In accordance with the city of Philadelphia Board of Health’s new vaccine requirements, Temple University now requires all faculty, staff, students and contractors to receive the COVID-19 vaccine by Oct. 15, 2021. It is our hope that this new policy will help Temple more quickly return to the vibrant and dynamic campus we are.
Read more details below, including when and how to get vaccinated and how to upload your vaccine information. Incoming students should review important information about getting vaccinated before the start of the spring semester.
Any Philadelphia resident age 12 and older is now eligible to receive the COVID-19 vaccine. Anyone who works in Philadelphia and can provide proof of that employment is also eligible to receive the vaccine.
Due to the rise in COVID-19 cases in our area and in accordance with new mandates issued by the city of Philadelphia, Temple University will continue to require all students, faculty, staff and contractors to be vaccinated by Oct. 15 in order to safeguard the health and wellness of our community.
The Oct. 6, 2021, announcement by the Philadelphia Department of Public Health has revised what it means to be compliant with that deadline. Now, in order to be compliant with the mandate, students, faculty and staff must have either received at least one dose of a COVID-19 vaccine (rather than being fully vaccinated) or an approved medical or religious exemption by Oct. 15.
You must submit your vaccine information to the health portal by Oct. 15 for your first shot and by Nov. 15 for your second shot in a two-dose series (Pfizer or Moderna).
When you are vaccinated, upload your immunization record to the health portal. You will not be considered vaccinated by the university until those records have been received.
Read below to responses to questions about the university’s new COVID-19 vaccination requirement.
Getting Your Vaccine at Temple
Students, faculty and staff can call 215-204-7500 to schedule an appointment to receive the vaccine at Student Health Services, 1700 N. Broad St., 4th floor. Appointments can also be made using the health portal.
Read responses to questions about vaccine distribution at Temple below.
How to Upload Your Vaccination Information
Once you are vaccinated, please upload your vaccine information to Temple’s health portal. By providing this information, you are helping us determine how close the Temple community is to reaching herd immunity.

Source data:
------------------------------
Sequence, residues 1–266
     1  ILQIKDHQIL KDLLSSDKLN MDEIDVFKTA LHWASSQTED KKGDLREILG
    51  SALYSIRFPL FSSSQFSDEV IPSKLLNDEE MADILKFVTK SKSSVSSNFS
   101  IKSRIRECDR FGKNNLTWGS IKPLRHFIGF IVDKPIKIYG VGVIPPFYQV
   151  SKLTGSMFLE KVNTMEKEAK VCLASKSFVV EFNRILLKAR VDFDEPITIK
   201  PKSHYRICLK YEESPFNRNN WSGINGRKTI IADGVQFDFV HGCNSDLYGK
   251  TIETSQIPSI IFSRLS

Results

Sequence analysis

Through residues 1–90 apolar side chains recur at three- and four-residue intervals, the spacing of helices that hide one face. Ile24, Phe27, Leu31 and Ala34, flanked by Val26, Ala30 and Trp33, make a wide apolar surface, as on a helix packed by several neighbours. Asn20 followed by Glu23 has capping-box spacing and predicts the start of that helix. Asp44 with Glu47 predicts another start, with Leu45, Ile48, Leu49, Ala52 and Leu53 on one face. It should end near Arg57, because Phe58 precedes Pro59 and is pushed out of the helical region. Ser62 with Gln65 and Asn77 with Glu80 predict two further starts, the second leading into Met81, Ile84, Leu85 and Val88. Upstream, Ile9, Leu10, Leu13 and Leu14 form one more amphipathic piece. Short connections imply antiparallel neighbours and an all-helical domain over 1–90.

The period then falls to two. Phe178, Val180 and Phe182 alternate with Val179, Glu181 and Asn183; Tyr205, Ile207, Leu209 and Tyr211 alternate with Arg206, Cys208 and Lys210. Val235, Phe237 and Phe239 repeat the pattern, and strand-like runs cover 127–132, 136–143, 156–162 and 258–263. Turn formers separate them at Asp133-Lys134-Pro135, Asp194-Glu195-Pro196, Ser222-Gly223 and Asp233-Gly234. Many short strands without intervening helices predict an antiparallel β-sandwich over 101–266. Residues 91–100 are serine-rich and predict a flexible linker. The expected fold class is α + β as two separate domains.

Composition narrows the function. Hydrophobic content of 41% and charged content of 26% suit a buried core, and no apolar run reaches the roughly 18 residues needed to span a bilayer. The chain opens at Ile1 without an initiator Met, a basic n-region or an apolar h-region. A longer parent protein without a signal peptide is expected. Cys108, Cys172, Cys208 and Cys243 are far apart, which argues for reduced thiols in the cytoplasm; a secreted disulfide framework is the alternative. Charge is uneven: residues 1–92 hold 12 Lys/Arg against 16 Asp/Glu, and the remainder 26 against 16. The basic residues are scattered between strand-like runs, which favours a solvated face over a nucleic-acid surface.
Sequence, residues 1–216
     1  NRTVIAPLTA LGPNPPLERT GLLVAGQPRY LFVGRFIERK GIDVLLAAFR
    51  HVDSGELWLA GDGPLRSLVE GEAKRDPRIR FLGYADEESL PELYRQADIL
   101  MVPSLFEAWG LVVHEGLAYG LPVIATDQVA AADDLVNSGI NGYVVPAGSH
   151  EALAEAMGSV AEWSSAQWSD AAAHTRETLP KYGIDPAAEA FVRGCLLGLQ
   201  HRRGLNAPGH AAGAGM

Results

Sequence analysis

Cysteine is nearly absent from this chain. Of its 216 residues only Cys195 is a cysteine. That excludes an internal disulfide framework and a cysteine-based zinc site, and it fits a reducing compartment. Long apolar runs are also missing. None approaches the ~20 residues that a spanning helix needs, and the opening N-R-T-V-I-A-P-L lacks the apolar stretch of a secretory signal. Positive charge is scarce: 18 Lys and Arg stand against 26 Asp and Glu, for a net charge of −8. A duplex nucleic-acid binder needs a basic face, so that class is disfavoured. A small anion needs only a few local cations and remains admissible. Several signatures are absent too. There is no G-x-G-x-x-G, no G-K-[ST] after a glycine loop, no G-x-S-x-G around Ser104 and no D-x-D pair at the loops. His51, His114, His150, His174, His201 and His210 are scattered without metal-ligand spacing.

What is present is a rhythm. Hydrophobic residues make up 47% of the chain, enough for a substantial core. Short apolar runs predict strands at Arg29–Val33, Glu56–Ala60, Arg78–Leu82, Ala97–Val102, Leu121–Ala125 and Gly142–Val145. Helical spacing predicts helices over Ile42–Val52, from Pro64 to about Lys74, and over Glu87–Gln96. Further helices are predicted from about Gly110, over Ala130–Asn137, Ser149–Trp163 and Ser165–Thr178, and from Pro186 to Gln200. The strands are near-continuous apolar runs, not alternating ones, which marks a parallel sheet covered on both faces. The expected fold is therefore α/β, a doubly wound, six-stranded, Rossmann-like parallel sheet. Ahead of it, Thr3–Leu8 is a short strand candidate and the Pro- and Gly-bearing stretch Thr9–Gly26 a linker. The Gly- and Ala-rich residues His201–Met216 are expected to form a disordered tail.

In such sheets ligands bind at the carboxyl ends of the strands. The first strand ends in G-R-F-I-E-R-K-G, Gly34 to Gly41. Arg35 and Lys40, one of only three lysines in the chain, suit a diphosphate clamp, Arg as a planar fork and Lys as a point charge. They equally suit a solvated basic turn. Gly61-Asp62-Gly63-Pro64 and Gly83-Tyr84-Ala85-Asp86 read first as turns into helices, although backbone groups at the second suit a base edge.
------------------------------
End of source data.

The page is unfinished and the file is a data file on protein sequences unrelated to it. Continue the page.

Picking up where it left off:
Please be aware that uploading your vaccine information is required in order to be considered fully vaccinated by the university.
Follow these steps to upload your vaccination record.
Go to the health portal.
Log in using your Temple ID and password.
Select the “Immunizations” tab. Then, select the blue “COVID-19” dropdown menu.
Find the vaccine you received (Johnson & Johnson, Moderna or Pfizer) and fill in the dates for each dose. Those dates should be clearly labeled on your vaccination card. Once you have added the dates, select “Submit.”
Go to the “Upload” tab.
Upload an image of your vaccination record. (If you are using a cell phone, you will have the option to use your camera to take a photo of the document.) Once the file is attached, select “Upload.”
If completed successfully, your file will be listed at the bottom of the page, under the header “Documents already on file.”
Once your information has been reviewed, the dates you submitted to the “Immunizations” page will be marked “Verified.”
About the Vaccines
In an effort to address common questions, concerns and misinformation, we asked Temple health experts to respond to frequently asked questions regarding COVID-19 vaccines.
Below, you can find general information about getting vaccinated.
Addressing Common Myths About Vaccines
False claims continue to circulate online, causing many people to make incorrect assumptions about the COVID-19 vaccines.
We've assembled the following list of facts to dispel rumors about the vaccine and help keep you and the entire Temple community safe and healthy.
These facts are based on information published by the Centers for Disease Control and Prevention (CDC), the American Academy of Family Physicians (AAFP), the Mayo Clinic, and the World Health Organization (WHO).